I saw Joe Carter’s post on Entrepreneurship and Poverty earlier today, and it got me thinking back to a subject that has been nagging at me for quite a while. It seems to me that starting a business is simply too hard these days, and for rather artificial reasons. But perhaps I’m just biased, and it’s not as hard as I thought? Seeking the truth, I did what any millennial would do and consulted google.
What I found was a fascinating article from John Stossel. In it, he details all the regulatory hoops he would have to jump through in order to engage in the most basic from of entrepreneurship in Americana: the lemonade stand.
It made me want to try to jump through the legal hoops required to open a simple lemonade stand in New York City. Here’s some of what one has to do:
- Register as sole proprietor with the County Clerk’s Office (must be done in person)
- Apply to the IRS for an Employer Identification Number
- Complete a 15-hr. food protection course!
- After the course, register for an exam that takes 1 hour. You must score 70 percent to pass. (Sample question: “What toxins are associated with the puffer fish?”) If you pass, allow three to five weeks for delivery of Food Protection Certificate.
- Register for sales tax Certificate of Authority
- Apply for a Temporary Food Service Establishment Permit. Must bring copies of the previous documents and completed forms to the Consumer Affairs Licensing Center.
Then, at least 21 days before opening your establishment, you must arrange for an inspection with the Health Department’s Bureau of Food Safety and Community Sanitation. It takes about three weeks to get your appointment. If you pass, you can set up a business once you:
- Buy a portable fire extinguisher from a company certified by the New York Fire Department and set up a contract for waste disposal.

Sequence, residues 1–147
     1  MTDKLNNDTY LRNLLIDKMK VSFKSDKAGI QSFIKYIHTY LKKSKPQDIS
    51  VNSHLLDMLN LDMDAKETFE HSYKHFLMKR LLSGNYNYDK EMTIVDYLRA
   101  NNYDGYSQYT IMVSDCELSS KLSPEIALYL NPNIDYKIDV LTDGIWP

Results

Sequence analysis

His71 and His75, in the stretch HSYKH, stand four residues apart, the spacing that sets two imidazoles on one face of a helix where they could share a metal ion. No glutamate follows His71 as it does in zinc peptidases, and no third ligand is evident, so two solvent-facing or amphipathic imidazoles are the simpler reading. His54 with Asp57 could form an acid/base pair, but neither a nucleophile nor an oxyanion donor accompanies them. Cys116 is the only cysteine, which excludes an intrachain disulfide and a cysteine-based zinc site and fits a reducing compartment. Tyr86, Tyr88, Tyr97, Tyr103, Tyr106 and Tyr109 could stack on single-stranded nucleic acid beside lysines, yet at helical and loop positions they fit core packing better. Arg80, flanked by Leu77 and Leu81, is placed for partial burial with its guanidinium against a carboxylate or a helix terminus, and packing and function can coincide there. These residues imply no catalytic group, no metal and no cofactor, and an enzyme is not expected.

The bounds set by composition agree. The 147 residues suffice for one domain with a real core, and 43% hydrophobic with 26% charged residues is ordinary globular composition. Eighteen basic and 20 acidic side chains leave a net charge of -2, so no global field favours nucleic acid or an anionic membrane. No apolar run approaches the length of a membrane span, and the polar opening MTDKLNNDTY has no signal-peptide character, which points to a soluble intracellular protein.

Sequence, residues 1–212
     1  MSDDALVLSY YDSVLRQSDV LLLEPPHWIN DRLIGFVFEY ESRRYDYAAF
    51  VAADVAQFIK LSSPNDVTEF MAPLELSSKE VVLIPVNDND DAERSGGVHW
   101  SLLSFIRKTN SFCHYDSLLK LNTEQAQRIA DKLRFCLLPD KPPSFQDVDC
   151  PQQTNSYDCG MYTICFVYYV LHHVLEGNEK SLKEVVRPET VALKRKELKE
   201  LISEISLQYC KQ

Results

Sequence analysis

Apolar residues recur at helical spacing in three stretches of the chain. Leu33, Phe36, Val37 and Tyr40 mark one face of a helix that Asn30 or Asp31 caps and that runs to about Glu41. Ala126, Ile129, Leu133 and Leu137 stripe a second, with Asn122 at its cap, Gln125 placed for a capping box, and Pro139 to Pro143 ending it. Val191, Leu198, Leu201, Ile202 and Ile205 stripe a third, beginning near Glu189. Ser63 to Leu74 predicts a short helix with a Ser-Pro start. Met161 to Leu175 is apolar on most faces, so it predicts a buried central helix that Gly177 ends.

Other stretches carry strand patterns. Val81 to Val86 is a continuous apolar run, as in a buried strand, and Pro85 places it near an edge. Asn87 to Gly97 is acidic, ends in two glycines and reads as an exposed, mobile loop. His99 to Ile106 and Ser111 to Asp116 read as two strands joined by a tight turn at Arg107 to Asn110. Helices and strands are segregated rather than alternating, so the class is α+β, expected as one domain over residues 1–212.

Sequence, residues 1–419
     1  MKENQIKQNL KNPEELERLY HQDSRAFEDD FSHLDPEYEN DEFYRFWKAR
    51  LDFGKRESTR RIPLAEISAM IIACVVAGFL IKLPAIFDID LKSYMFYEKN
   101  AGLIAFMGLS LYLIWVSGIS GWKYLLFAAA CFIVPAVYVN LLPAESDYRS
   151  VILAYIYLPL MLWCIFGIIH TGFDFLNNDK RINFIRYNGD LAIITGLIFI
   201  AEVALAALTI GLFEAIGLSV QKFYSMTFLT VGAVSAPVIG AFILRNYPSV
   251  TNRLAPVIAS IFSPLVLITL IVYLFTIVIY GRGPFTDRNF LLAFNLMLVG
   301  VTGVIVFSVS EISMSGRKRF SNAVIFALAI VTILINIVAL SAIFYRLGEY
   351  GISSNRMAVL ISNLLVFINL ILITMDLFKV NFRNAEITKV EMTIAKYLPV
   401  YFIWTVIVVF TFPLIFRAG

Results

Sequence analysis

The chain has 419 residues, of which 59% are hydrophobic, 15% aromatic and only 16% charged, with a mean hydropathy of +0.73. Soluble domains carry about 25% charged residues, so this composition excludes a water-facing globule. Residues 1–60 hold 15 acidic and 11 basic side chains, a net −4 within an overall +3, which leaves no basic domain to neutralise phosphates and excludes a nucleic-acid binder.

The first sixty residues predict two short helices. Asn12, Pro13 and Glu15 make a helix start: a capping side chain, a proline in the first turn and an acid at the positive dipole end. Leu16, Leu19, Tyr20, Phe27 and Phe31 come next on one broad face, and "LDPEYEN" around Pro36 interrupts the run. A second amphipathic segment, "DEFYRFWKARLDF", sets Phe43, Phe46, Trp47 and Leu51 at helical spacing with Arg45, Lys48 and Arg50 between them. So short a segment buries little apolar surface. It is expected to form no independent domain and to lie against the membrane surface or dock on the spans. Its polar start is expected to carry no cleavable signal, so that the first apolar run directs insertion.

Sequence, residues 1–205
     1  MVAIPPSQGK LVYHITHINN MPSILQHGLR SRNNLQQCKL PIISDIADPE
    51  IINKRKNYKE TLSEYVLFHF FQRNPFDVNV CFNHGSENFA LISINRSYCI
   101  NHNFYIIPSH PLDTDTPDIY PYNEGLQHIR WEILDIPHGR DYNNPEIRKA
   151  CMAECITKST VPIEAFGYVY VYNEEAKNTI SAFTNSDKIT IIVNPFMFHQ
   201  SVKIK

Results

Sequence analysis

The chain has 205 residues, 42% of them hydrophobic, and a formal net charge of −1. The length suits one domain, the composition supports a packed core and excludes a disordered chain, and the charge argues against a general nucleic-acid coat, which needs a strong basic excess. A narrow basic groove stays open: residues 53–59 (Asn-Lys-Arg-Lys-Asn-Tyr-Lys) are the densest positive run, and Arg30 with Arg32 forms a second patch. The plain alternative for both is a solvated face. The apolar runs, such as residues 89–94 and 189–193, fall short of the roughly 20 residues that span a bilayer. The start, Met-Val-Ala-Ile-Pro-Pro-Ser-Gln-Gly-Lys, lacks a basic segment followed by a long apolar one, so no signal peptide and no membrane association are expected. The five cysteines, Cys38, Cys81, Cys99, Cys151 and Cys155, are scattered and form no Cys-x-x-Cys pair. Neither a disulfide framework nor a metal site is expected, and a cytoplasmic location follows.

- We couldn’t finish the process. Had we been able to schedule our health inspection and open my stand legally, it would have taken us 65 days.
I sold lemonade anyway. I looked dumb hawking it with my giant fire extinguisher on the table.
Months to open a lemonade stand! Imagine how disheartening this must be for non-reporters who are actually trying to open a new business. Now imagine that disappointment, but instead imagine what a child might feel for getting in trouble for failing to meet these regulations. Because that’s exactly what happened to a pair of young girls in Georgia, and it’s what prompted Stossel to try and meet all the rules. The government has a knack for crushing the entrepreneurial spirit, and it doesn’t mind starting young.
This is spiritually devastating. In “The Entrepreneurial Vocation” Father Robert Sirico refers us to the parable of the talents, where three servants are given money (talents) by their master. Two of them invest their money and make a profit for their master. The third chose to bury his money because he was fearful of making a loss. The master is outraged with the third. Among the many lessons from this parable, Father Sirico points out the moral lesson that we ought to face uncertainty in an enterprising way. It is shameful for government to obstruct this moral duty. Such obstacles encourage us to be less like the first two servants, and more like the fearful third servant.